Forgotten Offer in Compromise Extended IRS Collection Time
Sometimes it is best to wait for the IRS’s collection statute to expire. This is a wait-and-see approach where the taxpayer waits to see if the IRS attempts to collect the tax debt. To succeed, it is important for the taxpayer to not extend the IRS’s collection statute. This issue came to a head in United States v. Kidwell, Civ. No. 2:16-433 WBS EFB (E.D. Cal. 2017).
The Kidwell case involved unpaid employment taxes. The taxes were reported on a Form 941 for the period ending September 30, 2004, which was filed on April 4, 2005, and a Form 941 for the period ending December 31, 2004, which was filed on January 31, 2005. The IRS assessed the taxes on March 28, 2005 and May 23, 2005. On March 1, 2016, the government sued the taxpayer to reduce the tax debt to a judgment. This would allow the government to continue to try to collect the unpaid taxes beyond the normal 10-year collection statute.
The IRS’s collection statute is generally 10 years from the day the tax is assessed. So it would seem that the 10 year period had lapsed by the time the government brought suit to collect the taxes. There are several actions that can extend the statute. The rules that extend the statue when the taxpayer submits an offer in compromise were considered in this case.
The offer in compromise is a formal administrative process for submitting a proposal to settle unpaid taxes. The statute of limitations rule for offers says that the IRS’s 10-year collection statute is suspended while an offer-in-compromise is pending and for thirty days after any rejection or appeal of the rejection.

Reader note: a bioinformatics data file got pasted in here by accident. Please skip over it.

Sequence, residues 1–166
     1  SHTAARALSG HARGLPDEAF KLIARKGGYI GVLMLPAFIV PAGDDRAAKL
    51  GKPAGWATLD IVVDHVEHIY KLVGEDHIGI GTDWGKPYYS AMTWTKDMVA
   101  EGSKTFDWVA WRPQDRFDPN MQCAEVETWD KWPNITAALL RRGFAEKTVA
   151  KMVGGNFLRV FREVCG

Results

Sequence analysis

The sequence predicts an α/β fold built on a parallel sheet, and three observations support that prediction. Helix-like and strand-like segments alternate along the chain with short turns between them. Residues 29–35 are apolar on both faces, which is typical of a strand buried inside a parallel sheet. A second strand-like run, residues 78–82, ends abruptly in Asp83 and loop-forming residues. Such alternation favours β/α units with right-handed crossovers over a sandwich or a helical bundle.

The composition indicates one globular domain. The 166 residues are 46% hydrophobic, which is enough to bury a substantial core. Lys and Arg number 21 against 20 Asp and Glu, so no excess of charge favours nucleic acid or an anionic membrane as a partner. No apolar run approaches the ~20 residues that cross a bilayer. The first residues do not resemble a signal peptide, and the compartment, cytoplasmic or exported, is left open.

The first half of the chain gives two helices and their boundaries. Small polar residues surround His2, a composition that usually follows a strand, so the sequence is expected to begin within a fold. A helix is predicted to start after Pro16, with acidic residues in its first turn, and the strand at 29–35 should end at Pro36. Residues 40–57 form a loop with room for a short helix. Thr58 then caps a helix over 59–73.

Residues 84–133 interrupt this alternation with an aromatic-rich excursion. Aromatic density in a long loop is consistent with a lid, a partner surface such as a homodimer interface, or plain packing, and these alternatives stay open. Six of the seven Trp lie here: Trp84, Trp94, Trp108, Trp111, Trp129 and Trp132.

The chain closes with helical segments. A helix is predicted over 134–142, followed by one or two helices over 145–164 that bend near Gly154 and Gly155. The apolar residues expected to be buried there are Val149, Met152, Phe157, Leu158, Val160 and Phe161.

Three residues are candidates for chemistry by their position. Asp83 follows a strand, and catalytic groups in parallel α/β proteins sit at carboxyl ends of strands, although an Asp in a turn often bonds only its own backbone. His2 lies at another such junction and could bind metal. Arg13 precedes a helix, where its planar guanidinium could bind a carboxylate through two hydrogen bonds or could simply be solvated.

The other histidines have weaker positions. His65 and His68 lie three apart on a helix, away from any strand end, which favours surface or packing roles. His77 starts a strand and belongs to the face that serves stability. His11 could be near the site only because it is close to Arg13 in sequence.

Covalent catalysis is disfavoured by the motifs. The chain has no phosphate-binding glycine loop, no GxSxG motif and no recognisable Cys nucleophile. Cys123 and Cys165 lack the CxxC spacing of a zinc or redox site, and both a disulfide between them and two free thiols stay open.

In the Kidwell case, the IRS provided records showing that an offer in compromise was submitted, but it could not produce the offer or any other evidence about the offer having been submitted. The government conceded that the IRS destroyed the administrative records.
One would think that taxpayers who are trying to run out the statute of limitations would know whether they submitted an offer in compromise. That was not the case here. The taxpayer did not recall submitting an offer in compromise:
all of the deposition testimony that defendant points to states that defendant and his agents could not recall whether defendant submitted an offer-in-compromise. Defendant testified that he did not handle the taxes for the business, he “would only be guessing” whether an offer-in-compromise was filed, and it was “a possibility” that his accountant filed an offer for him. (Kidwell Dep. 64:17-65:21.) Defendant’s accountant, Ms. Kendall, stated that she “didn’t even remember [they] did an offer for [defendant].” (See Luoma Decl., Ex. B 52:5-8 (Docket No. 13-3).) Defendant’s business secretary, when asked whether she was aware that defendant made an offer-in-compromise, admitted that she was not the person who was corresponding with the IRS and was “not aware of an Offer in Compromise that [Ms. Kendall] would have made.” (Id., Ex. C 48:6-49:10.)
The Taxpayer argued that these facts created a triable issue and that it should get its day in court to prove these items. The court did not agree. The court concluded that this evidence did not create a triable issue of material fact as to the tolling or expiration of the statute of limitations. As such, it ruled in favor of the government.
It should also be noted that the Taxpayer argued that the tax liability was his wife’s, which means any offer would have been submitted for her and not for him. We have seen the IRS do this. It is a common practice. The IRS also does this with bankruptcy holds. The court was not presented with expert testimony explaining this and, as such, it did not find this argument persuasive.